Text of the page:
Searching for a Cancer Coach?

CURE, Fall 2011, Volume 10, Issue 3

Interview and research a potential cancer coach before hiring.

The proliferation of coaching services for cancer survivors underscores a need for vigilance. Not all coaches are trained or certified. Some have no professional or medical expertise. In fact, there are no national standards or certification programs for people who bill themselves specifically as cancer coaches, says Mary Lou Galantino, PT, PhD, a certified wellness coach. “It is important to determine specific training and background information before embarking on a coaching journey.”

On the other hand, there are national and international certification programs for certain types of coaches, including life and wellness coaches. But that doesn’t mean everyone who runs an independent coaching business is certified, Galantino cautions. “Certification is essential to ensure the use of sound principles of coaching and not overstepping boundaries of medical practice.”

Certified wellness coaches must have a professional healthcare background and typically draw from evidence-based methodologies to guide cancer survivors toward actionable outcomes. They may refer patients to a professional counselor if they think it would help them achieve their wellness goals. Certified life coaches tend to look at the patient’s whole life experience, which includes wellness, but might also touch on major life decisions.

Understand that coaching goes by many names, but most coaching is intended to help with positive outcomes for behavioral changes.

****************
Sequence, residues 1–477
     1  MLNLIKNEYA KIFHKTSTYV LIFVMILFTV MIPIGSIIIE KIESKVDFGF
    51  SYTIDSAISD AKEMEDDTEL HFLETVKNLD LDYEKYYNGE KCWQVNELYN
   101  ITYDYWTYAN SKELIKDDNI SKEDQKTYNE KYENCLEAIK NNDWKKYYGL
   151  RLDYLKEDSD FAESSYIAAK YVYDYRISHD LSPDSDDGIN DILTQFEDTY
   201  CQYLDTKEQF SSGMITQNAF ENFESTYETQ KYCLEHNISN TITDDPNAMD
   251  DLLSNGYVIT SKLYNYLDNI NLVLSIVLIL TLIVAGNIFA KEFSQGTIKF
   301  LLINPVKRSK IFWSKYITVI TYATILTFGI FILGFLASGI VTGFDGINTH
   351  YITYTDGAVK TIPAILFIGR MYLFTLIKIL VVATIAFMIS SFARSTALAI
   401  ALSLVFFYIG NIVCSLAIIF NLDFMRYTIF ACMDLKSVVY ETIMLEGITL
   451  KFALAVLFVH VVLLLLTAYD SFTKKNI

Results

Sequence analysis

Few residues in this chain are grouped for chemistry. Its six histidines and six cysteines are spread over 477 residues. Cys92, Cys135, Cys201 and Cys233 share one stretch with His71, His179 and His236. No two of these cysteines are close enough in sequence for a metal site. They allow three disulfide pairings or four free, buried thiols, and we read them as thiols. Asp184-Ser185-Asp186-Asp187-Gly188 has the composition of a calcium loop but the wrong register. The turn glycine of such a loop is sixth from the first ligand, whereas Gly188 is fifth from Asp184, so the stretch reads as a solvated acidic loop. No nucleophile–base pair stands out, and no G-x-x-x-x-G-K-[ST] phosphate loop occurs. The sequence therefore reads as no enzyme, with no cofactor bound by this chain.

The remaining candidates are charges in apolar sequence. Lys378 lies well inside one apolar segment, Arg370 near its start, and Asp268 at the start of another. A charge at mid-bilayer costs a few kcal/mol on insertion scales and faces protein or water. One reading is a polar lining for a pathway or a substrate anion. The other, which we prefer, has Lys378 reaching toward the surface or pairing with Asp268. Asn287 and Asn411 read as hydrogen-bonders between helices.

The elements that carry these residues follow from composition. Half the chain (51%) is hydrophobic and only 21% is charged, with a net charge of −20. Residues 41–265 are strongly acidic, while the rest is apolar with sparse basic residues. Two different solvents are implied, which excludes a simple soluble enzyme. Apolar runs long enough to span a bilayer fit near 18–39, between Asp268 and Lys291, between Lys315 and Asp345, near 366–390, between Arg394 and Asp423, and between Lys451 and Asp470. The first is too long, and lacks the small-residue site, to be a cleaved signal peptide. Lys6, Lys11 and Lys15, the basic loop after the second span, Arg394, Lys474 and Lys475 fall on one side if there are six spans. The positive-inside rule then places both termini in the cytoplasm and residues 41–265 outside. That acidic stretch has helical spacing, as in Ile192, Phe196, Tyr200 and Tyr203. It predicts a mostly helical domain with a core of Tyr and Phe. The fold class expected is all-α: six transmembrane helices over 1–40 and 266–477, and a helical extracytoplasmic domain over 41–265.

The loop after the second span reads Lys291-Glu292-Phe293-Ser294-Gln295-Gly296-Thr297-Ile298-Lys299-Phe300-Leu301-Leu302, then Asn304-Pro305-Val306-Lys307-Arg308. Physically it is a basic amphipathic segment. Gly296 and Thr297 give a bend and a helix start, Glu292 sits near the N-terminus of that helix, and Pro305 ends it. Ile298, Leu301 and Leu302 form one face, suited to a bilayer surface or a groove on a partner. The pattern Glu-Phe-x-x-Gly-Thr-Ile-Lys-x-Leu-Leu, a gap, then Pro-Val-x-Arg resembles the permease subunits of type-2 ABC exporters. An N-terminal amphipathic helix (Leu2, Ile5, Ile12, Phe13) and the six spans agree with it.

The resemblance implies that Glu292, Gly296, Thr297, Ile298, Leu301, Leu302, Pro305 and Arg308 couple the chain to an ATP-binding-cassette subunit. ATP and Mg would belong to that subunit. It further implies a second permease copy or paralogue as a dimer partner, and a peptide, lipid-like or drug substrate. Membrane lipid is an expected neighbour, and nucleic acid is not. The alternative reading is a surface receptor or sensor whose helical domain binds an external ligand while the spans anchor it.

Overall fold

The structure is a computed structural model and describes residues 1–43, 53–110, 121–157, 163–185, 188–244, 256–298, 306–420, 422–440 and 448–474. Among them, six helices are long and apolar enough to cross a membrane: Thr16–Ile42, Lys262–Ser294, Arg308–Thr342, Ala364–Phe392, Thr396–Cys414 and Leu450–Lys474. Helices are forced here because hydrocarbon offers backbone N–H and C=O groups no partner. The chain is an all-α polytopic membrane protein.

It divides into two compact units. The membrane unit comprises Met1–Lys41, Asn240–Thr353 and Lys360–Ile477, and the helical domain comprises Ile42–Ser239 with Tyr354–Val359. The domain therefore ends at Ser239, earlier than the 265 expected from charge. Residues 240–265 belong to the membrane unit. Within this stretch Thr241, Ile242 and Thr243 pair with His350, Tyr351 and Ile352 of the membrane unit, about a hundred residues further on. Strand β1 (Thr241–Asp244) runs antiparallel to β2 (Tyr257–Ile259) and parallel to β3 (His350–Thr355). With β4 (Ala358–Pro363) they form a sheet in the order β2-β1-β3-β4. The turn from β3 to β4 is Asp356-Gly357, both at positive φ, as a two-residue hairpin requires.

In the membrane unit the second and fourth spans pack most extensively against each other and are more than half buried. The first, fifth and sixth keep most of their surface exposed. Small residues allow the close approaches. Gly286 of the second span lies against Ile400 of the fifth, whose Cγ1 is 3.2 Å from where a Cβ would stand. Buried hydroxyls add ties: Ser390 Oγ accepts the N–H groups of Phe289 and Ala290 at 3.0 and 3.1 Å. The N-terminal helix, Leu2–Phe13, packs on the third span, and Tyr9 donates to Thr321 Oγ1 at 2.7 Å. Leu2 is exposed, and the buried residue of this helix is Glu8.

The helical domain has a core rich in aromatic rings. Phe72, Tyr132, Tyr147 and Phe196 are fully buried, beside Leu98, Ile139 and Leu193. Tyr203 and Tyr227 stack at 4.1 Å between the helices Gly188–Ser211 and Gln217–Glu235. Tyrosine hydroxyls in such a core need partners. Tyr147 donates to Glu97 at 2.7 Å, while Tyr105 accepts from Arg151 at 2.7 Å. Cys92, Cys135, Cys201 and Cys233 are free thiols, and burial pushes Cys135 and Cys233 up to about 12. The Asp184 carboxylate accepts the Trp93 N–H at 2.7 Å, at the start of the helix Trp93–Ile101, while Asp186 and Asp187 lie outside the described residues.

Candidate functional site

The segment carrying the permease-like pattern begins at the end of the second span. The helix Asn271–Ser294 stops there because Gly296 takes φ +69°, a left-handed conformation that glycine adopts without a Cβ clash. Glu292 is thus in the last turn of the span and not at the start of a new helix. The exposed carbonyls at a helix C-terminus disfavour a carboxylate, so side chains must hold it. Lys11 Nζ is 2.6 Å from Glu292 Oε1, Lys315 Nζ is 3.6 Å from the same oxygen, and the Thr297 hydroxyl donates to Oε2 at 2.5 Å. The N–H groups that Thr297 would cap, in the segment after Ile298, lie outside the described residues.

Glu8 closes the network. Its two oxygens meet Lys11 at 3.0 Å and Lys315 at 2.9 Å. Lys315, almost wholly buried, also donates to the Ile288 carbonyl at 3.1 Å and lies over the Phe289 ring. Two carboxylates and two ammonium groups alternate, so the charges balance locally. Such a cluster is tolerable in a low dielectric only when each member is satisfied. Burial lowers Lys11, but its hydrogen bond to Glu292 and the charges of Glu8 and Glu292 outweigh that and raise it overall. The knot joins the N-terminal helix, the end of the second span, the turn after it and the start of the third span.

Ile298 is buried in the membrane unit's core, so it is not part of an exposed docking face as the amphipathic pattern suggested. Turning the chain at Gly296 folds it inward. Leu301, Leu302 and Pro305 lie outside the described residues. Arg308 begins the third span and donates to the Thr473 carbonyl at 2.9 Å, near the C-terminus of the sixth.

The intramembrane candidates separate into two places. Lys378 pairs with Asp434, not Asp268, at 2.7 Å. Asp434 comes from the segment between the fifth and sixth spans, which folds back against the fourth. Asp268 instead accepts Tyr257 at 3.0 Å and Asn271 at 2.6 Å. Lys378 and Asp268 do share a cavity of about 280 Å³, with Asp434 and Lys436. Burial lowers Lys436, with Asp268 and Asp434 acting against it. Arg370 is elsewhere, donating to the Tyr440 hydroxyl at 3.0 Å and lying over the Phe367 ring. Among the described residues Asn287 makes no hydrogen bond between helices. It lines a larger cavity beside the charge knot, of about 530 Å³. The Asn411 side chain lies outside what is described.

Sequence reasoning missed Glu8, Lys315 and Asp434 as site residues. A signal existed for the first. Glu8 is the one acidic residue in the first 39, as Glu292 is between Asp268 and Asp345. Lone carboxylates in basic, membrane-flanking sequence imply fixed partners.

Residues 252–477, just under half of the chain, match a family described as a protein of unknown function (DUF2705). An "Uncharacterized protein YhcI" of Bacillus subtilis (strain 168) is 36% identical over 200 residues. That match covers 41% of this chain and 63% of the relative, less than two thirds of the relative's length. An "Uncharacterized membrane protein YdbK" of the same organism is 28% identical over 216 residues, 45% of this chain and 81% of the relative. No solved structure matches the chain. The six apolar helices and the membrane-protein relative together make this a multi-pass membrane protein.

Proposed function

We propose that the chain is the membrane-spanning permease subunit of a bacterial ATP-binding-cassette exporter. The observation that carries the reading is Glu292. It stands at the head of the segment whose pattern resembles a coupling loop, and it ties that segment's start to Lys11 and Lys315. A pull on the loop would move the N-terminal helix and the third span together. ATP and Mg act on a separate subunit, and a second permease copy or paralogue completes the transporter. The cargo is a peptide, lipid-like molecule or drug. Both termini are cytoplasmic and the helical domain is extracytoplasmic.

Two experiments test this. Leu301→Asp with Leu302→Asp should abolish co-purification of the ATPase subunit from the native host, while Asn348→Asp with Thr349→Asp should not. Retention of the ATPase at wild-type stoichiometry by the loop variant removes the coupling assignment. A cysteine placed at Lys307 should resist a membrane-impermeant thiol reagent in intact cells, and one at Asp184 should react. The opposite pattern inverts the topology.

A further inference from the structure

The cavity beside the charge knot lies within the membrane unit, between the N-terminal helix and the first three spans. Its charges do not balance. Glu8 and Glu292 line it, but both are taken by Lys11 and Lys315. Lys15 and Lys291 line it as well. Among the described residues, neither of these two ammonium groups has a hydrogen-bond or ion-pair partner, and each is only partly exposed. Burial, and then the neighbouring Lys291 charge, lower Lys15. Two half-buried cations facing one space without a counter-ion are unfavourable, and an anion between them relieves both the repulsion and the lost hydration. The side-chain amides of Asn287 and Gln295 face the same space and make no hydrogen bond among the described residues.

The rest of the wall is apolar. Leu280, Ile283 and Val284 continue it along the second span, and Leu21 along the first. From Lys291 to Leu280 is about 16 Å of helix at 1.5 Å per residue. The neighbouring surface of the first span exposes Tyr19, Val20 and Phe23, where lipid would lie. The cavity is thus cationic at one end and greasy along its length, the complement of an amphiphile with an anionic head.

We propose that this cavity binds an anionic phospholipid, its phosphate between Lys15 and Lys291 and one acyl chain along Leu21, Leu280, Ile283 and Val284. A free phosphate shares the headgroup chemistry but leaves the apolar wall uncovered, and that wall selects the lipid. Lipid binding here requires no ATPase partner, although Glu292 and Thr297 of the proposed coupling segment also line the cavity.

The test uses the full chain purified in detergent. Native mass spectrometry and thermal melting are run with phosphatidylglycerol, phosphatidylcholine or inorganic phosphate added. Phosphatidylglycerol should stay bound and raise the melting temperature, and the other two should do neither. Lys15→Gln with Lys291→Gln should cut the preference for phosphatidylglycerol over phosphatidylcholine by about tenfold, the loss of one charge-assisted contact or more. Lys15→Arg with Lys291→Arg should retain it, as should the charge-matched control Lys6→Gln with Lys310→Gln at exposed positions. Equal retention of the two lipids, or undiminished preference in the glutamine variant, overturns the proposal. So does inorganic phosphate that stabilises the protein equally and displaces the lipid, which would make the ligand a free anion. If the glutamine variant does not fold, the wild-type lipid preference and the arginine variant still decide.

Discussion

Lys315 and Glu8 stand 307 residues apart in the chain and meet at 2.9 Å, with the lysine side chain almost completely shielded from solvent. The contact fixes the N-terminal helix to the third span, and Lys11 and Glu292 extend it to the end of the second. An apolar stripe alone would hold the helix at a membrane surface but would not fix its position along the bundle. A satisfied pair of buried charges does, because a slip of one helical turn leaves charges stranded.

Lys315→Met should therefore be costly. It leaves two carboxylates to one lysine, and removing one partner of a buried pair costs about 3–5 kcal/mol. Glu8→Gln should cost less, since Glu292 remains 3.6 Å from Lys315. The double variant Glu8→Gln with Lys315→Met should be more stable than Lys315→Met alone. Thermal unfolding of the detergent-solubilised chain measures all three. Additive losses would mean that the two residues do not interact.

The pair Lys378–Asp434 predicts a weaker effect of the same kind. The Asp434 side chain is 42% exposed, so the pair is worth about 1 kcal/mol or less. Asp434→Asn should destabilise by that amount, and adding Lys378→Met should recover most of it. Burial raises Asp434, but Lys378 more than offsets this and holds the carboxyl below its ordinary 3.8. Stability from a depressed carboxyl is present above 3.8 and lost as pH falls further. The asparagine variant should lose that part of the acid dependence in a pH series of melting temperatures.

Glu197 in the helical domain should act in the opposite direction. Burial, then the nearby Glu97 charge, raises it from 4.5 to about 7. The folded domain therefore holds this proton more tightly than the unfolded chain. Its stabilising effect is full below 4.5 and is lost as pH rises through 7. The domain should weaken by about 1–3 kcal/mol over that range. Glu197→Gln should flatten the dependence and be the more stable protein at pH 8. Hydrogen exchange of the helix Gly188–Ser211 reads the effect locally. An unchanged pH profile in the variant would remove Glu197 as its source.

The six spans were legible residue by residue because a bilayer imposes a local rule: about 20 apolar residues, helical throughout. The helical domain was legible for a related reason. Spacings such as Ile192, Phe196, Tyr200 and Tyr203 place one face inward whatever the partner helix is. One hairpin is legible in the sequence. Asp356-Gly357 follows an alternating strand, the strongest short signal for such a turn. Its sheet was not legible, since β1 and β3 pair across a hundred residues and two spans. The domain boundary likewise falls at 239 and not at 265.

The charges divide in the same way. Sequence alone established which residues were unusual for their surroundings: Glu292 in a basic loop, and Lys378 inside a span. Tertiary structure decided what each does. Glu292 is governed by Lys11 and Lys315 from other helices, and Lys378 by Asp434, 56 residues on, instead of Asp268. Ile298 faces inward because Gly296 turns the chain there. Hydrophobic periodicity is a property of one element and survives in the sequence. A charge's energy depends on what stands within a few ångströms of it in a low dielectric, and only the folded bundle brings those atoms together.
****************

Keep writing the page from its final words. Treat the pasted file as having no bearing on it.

Coaches may be affiliated with medical practices or they may operate independently. They may be doctors, nurses, nutritionists, psychologists or any other health professional—or simply someone who decides to become a coach and open a practice, with no formal training or experience. Coaching can be done in person, over the phone or even by email. Be leery of coaches who recommend certain treatments or push alternative treatments or supplements.

If possible, get a referral for a coach through a hospital, clinic or reputable cancer organization. Be sure to interview potential coaches before hiring one. Consider professional background and training, certifications and affiliations, coaching philosophy and methodology, services offered, length of time in business, fees and client references.

Wellness coach Paula Holland De Long says coaching is not covered by insurance and can range from $75 to $250 per one-hour session. She adds that many coaches offer a variety of services in different price ranges, such as webinars and teleconferences.

If possible, get a referral for a coach through a hospital, clinic or reputable cancer organization. Be sure to interview potential coaches before hiring one.